• Central banks raise interest rates to reduce economic activity and demand, which can result in job losses. Despite its drawbacks, this approach is used by central banks to prevent a cycle of rising wages and prices, known as a wage-price spiral, and to curb inflation.

What is Greedflation?

  • About:
    • Greedflation refers to the situation where corporate greed drives inflation. Rather than a wage-price spiral, it is a Profit-Price Spiral where companies exploit inflation by raising prices excessively, going beyond covering their increased costs, and aiming to maximize their profit margins. These further fuels inflation.
      • There is a growing consensus in developed countries, like Europe and the US, that greedflation is the true culprit.
  • Scenario:
    • During crises like natural disasters or pandemics, prices often surge as businesses raise them due to increased input costs.
    • However, in some cases, businesses exploit the situation by making excessive profits through significantly higher price mark-ups.
  • Impact:
    • Greedflation disproportionately impacts low-income and middle-class individuals, reducing their consumption and lowering their standards of living.
      • While it benefits the wealthy by increasing the value of their assets, widening the wealth gap and exacerbating income inequality.
    • Sharp price increases and speculation driven by greed can create bubbles and unsustainable market conditions. This makes financial markets more susceptible to crashes and crises, posing risks to overall economic stability.
    • Inflationary pressures caused by greedflation can result in divergent policies among countries. Each nation may adopt different strategies to combat inflation, leading to conflicting approaches.
      • This can exacerbate global imbalances, trade tensions, and geopolitical conflicts as countries seek to protect their own interests and competitiveness.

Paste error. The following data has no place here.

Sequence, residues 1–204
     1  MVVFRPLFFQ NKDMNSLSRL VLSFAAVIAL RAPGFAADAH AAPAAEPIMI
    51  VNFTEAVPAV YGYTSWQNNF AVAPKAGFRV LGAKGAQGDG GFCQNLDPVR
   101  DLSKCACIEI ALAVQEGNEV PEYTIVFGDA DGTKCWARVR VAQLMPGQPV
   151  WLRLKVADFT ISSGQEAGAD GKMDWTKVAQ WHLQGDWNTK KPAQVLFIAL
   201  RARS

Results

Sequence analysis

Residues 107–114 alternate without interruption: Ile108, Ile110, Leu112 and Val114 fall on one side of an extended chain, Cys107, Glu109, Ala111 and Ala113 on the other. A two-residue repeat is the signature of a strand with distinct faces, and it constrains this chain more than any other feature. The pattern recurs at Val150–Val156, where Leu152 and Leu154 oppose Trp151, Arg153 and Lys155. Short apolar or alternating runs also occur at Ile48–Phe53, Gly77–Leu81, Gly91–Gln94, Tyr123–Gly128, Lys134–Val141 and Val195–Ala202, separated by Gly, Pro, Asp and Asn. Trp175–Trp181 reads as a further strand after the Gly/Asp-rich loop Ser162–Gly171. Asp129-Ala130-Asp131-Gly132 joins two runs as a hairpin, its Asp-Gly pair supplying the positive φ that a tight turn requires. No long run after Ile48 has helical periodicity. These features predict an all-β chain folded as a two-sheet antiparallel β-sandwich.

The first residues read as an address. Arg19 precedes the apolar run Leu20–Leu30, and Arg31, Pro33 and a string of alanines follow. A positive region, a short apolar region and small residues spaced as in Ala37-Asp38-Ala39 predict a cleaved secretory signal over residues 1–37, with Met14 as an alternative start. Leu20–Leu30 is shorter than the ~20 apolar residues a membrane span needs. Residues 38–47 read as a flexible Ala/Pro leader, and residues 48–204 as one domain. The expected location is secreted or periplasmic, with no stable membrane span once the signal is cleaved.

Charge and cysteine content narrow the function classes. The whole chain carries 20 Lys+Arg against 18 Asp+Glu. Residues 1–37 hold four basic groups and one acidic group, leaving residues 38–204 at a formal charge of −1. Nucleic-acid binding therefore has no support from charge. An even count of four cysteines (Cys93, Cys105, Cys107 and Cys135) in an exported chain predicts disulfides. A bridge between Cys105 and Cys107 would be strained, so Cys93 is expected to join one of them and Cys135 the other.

Is Greedflation Happening in India?

  • Trend:
    • The net profits of listed companies can be seen at a record high.

  • Indian listed companies'(4,293) net profits surged to Rs.2.9 trillion in March 2023, over 3.5 times the pre-pandemic average of Rs.0.83 trillion from December 2017 to Dec 2019, indicating exceptional post-pandemic profit generation.
  • Existence of Greedflation:
    • In India, 60% of the growth in net profit can be attributed entirely to the increase in profit margin. The increase in sales contributed an additional 36% and the rest was a bonus from a combination of the two, which suggests the presence of greedflation.

UPSC Civil Services Examination, Previous Year Question (PYQ)

Q.1 With reference to Indian economy, demand-pull inflation can be caused/increased by which of the following?

  1. Expansionary policies
  2. Fiscal stimulus
  3. Inflation-indexing of wages
  4. Higher purchasing power
  5. Rising interest rates

Select the correct answer using the code given below:

(a) 1, 2 and 4 only
(b) 3, 4 and 5 only
(c) 1, 2, 3 and 5 only
(d) 1, 2, 3, 4 and 5

Ans: (a)

Q.2 Consider the following statements: (2020)

  1. The weightage of food in Consumer Price Index (CPI) is higher than that in Wholesale Price Index (WPI).
  2. The WPI does not capture changes in the prices of services, which CPI does.
  3. Reserve Bank of India has now adopted WPI as its key measure of inflation and to decide on changing the key policy rates.

Which of the statements given above is/are correct?

(a) 1 and 2 only
(b) 2 only
(c) 3 only
(d) 1, 2 and 3

Ans: (a)

Source: IE